Your Ultimate Guide To Casino Dealers In 2020
They're the operators who make or break gamblers on the spin of a wheel and a turn of the cards.
Good ones are seen but not heard. Handling a million things at once, professionally dealing with disgruntled punters whilst counting out chips in a milli-second.
While not for everyone, the life of a casino dealer is one packed with late nights, poor basic pay and drunk punters.
Right? Well, sure, there's the downside. But then there's the flexible working hours, the travel opportunities, and the tips.
- 1. How Much Money Do Casino Dealers Make?
- 2. How Do I Become a Casino Dealer?
- 3. What's Good & Bad About Being a Dealer?
- 4. What Qualifications Do You Need?
- 5. What Do Casinos Look For in Prospective Dealers?
- 6. Did You Know?
- 7. What's the Best Country to be a Casino Dealer In?
- 8. Casino Schools or on the Job Training?
- 9. What are Typical Dealer Working Hours
From land-based casinos and cruise ships to online Live Casino Dealer studios where croupiers deal out blackjack hands or spin real roulette wheels that can be bet on via online casino sites; there are arguably more opportunities to become a dealer than ever before.
Let's take a closer look at how feasible it is to make it with a casino dealer job.
How Much Money Do Casino Dealers Make?
Let's take two scenarios: the UK and the USA.
Entry-level croupiers in London usually start on around £17,000 pa, a salary that can rise to £20,000 within two years. Tips, which are legal in UK casinos, add on welcomed extra income, and it's not uncommon for good dealers to earn an extra £4-500 a month in tips. In London, dealers can earn an extra 30 percent in the form of tips.
Outside London, in the regional casinos salaries start around £12-15,000 pa depending on experience. Again, tips are extra but won't come near those of their London colleagues.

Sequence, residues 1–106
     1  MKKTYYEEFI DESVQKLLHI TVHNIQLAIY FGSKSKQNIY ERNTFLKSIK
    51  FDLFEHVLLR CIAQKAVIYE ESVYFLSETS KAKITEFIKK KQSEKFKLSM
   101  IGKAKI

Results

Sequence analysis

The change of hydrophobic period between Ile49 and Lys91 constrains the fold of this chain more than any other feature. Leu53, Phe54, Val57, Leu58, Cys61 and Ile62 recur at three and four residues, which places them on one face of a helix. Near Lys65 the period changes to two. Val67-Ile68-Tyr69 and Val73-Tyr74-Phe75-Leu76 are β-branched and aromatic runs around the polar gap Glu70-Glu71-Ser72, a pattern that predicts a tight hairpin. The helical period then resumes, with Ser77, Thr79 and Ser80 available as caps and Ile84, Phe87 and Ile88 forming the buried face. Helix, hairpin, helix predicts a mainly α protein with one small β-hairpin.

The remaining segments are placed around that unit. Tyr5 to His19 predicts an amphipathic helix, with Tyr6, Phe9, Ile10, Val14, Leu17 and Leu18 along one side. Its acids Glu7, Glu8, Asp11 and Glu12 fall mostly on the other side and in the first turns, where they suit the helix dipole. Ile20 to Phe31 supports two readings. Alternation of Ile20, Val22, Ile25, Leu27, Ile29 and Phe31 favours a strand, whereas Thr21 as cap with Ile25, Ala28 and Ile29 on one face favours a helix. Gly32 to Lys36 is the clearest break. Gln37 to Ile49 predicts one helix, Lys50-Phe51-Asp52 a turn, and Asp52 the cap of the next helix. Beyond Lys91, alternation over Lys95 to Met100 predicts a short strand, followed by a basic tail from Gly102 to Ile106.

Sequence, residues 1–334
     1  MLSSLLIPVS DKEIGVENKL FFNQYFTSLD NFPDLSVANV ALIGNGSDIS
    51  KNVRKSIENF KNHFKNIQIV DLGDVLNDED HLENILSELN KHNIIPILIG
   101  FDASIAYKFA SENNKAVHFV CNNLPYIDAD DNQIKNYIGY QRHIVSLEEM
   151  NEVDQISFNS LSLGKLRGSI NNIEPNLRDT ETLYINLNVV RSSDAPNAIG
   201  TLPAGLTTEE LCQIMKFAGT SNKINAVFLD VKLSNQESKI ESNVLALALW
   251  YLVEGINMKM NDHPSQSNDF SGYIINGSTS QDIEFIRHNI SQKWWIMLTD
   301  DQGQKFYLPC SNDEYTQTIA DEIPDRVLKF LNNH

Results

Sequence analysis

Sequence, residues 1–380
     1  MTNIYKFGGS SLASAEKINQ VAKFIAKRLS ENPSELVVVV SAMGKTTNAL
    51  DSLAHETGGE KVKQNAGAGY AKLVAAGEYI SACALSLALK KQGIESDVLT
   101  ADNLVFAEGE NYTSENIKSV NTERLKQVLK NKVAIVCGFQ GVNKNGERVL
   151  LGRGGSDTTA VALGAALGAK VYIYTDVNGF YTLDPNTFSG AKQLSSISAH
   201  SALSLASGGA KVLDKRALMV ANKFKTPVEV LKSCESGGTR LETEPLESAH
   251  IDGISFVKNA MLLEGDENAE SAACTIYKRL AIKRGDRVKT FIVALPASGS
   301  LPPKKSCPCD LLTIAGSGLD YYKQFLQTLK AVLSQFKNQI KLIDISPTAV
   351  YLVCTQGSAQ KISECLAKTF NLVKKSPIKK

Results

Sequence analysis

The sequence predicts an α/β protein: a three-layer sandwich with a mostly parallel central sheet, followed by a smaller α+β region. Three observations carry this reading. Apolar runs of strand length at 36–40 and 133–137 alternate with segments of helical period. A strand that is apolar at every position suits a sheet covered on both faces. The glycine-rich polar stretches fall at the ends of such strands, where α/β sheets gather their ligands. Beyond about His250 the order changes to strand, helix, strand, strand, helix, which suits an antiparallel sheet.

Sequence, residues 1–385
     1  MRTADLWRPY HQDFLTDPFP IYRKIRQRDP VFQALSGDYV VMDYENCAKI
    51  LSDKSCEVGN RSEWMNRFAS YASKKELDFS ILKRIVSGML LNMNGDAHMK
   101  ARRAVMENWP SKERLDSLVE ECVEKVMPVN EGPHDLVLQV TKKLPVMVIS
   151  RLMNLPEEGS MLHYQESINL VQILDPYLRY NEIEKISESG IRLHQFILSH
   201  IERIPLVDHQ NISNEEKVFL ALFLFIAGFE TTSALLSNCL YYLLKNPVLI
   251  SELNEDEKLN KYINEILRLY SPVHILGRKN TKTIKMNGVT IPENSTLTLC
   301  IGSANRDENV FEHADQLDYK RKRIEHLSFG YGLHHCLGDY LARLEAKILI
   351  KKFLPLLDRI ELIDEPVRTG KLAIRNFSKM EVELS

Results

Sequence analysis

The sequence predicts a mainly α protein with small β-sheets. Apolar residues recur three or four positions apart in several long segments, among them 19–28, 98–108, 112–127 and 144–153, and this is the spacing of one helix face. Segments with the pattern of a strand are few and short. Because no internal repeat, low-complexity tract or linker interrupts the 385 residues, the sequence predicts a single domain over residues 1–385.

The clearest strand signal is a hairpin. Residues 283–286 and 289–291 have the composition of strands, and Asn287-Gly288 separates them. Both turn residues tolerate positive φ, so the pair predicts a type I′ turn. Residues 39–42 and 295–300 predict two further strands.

It is possible for a London croupier to become an Inspector within five years if they show aptitude, in which case the amount of money you can make with the job can reach around £28,000 plus tips. Outside London this will be about 30% less, but then living costs are also less.
United States of America
In the US, casino dealers make around $23,000 on average, with half of dealers reporting income slightly less than that. According to 2016 figures from the US Bureau of Labor Statistics, dealer salaries in Nevada averaged around $17,440, with dealers in Pennsylvania earning much higher, around $26,690.
How Do I Become a Casino Dealer?
Becoming a casino dealer requires some work on your part. Extensive training is required, either from a casino run program itself or through a school offering various courses about the different aspects of casino life.
In areas where casinos are prevalent, gaming programs are usually easily found and typically run for six weeks. Here, a student dealer will learn all the crucial aspects of the trade including the procedures and rules followed for various games. They will also learn both the regulations and local laws that govern them for the particular area they are in. Bear in mind, these change from city to city and state to state, so a refresher course may be needed at some point.
Once you have completed your dealer program, you will end up auditioning for a job at a local casino. Here, not only will your technical skills be scrutinized, but your personality might play a big part in landing you a job.
Tip: Personality plays an important factor in the casino environment as many establishments want someone that is not only friendly and courteous, but extremely outgoing too. Don’t forget, you need to be able to do simple math very quickly as well.
What's Good & Bad About Being a Dealer?
- Good salary and tips
- Potential for promotion through the casino ranks
- Free food and uniforms